What constitutes a cure for HIV?
A cure would mean that patients infected with HIV would not need to take medications to control the virus. A cure could be a â€śsterilizingâ€ť cure, meaning that the virus is completely eliminated from an HIV patientâ€™s body, or a â€śfunctionalâ€ť cure. A functional cure would stop the virus from replicating and diminish the latent reservoirs where HIV hides without completely eliminating the virus from the body. It would allow patients to control HIV without having to take medications.
What are the approaches under development for curing HIV?
One approach would be to target the latent reservoirs, the places and types of cells in the body where the HIV virus can hide or lie dormant, which allow it to persist in patients even after years of successful suppressive therapy. Therapies would be developed and deployed that flush the virus out of its hiding places allowing either antiretroviral drugs or the immune system to kill the virus.
Another approach would use gene therapy to modify an HIV patientâ€™s own immune system. One tactic for gene therapy under development targets the CCR5 gene. The CCR5 gene creates a receptor on a cellâ€™s surface that acts as a â€śdoorknobâ€ť for HIV to enter immune cells. About 1 in 100 Americans lack the CCR5 gene, though as many as 1 in 10 lack the gene in some northern European countries. People lacking this gene have been able to naturally resist infection despite repeated exposures to HIV. The hope is that by shutting off the CCR5 gene, HIV can be reduced and possibly controlled by patientsâ€™ own immune systems without them having to take medications. A variety of projects are testing this approach, with various methods being studied to modify the CCR5 gene, some seeking to modify the disease fighting T-cells that HIV targets and kills, and some seeking to modify blood-forming stem cells.
A third approach would be to deploy products that boost the immune system. Therapeutic vaccines that boost the immune system by stimulating specific responses against HIV in infected patients are under investigation. In addition, research is under way testing approaches boosting immune responses by increasing production of certain immune system components, such as interleukin-7.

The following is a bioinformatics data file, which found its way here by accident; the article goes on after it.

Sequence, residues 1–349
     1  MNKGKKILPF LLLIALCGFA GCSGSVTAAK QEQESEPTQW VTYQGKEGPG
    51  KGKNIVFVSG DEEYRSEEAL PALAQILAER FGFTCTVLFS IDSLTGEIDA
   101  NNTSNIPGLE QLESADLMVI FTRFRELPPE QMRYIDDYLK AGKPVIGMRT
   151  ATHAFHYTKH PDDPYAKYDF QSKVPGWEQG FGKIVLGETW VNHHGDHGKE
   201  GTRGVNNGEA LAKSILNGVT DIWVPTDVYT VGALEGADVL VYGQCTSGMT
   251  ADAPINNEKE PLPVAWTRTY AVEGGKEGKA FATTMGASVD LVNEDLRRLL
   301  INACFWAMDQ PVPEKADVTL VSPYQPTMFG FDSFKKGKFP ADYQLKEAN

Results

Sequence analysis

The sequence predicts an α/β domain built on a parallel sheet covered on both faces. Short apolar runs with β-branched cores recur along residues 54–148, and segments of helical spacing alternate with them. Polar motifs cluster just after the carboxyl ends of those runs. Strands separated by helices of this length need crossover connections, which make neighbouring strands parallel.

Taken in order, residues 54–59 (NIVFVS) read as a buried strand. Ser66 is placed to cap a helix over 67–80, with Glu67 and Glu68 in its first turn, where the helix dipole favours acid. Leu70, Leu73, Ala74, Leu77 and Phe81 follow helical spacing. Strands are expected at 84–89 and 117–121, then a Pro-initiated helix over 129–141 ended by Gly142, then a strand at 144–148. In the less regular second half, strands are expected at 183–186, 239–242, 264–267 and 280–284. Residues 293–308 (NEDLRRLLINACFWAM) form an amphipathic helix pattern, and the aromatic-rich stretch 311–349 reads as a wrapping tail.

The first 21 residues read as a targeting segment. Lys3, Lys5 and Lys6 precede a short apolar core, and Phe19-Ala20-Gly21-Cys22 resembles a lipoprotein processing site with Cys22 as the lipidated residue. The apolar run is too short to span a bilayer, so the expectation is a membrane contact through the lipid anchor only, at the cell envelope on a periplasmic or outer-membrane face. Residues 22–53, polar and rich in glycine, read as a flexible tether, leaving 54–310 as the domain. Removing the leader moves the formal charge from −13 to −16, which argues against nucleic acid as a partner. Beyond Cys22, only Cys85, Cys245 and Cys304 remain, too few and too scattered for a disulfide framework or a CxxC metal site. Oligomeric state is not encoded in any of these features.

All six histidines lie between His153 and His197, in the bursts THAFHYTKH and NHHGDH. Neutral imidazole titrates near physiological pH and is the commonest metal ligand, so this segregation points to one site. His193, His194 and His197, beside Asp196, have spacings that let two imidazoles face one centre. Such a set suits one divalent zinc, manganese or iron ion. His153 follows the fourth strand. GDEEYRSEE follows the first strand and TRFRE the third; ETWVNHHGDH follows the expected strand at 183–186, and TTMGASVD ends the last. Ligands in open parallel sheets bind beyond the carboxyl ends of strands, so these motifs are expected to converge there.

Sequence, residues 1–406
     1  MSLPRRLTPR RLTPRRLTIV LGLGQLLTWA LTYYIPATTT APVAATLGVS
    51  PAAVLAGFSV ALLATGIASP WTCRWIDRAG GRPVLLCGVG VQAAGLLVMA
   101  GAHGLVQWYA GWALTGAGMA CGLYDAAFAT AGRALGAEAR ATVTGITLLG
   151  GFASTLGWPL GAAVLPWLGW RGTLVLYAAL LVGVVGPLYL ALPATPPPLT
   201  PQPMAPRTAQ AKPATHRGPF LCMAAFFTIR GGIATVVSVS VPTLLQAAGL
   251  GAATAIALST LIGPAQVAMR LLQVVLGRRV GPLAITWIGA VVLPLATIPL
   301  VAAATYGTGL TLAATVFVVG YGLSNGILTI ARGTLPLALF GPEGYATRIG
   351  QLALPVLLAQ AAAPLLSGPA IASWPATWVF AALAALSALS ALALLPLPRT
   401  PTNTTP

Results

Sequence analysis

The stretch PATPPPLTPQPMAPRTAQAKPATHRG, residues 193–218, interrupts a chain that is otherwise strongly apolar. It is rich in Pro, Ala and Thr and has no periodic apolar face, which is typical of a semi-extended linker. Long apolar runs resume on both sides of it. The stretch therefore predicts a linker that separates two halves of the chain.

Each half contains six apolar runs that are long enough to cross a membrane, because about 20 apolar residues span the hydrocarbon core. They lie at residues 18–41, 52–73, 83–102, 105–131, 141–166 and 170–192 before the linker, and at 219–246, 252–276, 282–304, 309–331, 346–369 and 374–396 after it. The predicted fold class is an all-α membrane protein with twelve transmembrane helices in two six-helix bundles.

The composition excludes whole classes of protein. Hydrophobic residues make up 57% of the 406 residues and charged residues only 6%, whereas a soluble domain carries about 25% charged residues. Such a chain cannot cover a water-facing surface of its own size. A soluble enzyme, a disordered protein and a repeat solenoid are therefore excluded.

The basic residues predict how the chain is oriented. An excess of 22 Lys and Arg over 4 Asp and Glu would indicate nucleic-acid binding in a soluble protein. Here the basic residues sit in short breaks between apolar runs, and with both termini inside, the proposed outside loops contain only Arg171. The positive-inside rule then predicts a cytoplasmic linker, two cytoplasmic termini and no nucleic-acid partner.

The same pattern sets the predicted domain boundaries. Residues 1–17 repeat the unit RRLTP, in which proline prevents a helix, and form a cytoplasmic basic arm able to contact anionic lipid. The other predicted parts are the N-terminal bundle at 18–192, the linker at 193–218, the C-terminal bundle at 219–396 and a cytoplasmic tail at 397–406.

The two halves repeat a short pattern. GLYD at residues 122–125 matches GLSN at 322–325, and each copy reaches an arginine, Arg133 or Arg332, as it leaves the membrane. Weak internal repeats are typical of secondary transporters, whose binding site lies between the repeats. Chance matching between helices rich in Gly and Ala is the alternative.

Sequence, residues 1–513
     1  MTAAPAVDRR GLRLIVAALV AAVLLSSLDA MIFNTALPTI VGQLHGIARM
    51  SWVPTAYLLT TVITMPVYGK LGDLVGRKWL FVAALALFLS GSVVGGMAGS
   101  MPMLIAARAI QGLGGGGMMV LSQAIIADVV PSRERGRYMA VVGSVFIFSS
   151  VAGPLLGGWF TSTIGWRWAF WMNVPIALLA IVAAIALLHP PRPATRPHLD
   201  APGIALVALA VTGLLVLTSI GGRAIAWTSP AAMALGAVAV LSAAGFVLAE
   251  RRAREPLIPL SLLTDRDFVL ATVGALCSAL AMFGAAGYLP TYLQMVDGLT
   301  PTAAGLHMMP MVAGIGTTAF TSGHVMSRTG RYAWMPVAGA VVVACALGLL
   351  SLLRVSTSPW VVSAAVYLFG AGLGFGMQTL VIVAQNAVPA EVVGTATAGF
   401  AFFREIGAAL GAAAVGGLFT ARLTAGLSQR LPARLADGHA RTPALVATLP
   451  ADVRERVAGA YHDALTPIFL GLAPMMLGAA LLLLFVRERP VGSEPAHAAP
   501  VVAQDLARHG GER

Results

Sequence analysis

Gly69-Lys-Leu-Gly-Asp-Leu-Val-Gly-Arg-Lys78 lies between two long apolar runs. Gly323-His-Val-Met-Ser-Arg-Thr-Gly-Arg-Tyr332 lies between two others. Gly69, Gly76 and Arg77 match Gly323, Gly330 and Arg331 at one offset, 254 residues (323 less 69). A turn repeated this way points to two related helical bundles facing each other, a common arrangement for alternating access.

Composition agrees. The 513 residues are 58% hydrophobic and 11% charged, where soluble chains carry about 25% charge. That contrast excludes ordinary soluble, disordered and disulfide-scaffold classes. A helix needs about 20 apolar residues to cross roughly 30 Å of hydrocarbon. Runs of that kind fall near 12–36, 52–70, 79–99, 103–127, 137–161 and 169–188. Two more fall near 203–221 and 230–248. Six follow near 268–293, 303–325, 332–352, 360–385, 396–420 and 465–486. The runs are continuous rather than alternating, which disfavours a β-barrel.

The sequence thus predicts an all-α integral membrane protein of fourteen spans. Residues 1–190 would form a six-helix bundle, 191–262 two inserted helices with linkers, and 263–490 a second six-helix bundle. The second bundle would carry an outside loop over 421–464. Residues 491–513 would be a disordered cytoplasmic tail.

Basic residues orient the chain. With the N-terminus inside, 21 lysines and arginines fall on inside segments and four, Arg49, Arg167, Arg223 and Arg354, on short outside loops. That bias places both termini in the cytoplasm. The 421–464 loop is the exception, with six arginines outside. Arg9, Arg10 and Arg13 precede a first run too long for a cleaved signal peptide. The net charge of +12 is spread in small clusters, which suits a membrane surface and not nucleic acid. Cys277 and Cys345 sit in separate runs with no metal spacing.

A cure could involve either a single approach or, more likely, a combination of approaches, which might include some or all of the ones listed above. The goal is to have a strategy that could eventually be delivered to people infected with HIV throughout the world.
What is UCSFâ€™s role in research towards an HIV cure?
Steven Deeks, MD, professor of medicine at the UCSF Division of HIV/AIDS at San Francisco General Hospital and Trauma Center, is co-chair of the IAS Global Working Group that is developing the Global Scientific Strategy.
In addition, UCSF scientists are involved in two of three Martin Delaney Collaboratory grants awarded in June 2011 by the National Institutes of Health. The grants are specifically designed to advance progress toward a cure for HIV. These cure-focused teams consist of public-private partnerships between government, industry and academia and the funding for all three projects totals more than $14 million per year for up to five years.
One Delaney grant, the Delaney AIDS Research Enterprise to Find a Cure (DARE), has Deeks as one of its primary investigator and includes Joseph (â€śMikeâ€ť) McCune, MD, PhD, and Hiroyu Hatano, MD, MHS, from UCSF and Joseph Wong, MD, and Steven Yukl, MD, UCSF faculty from the San Francisco Veterans Administration Medical Center.
One of the other Delaney grants, the Collaboratory of AIDS Researchers for Eradication (CARE), includes investigators Warner Greene, MD, PhD, Eric Verdin, MD, and Melanie Ott, MD, PhD from the UCSF-affiliated Gladstone Institute for Immunology and Virology, along with B. Matija Peterlin, MD, from UCSF. Both Collaboratories are focused on understanding latency, defining and purging reservoirs and enhancing immune system function
In addition, Jay Levy, MD, co-discoverer of HIV, is also conducting NIH funded research towards a cure.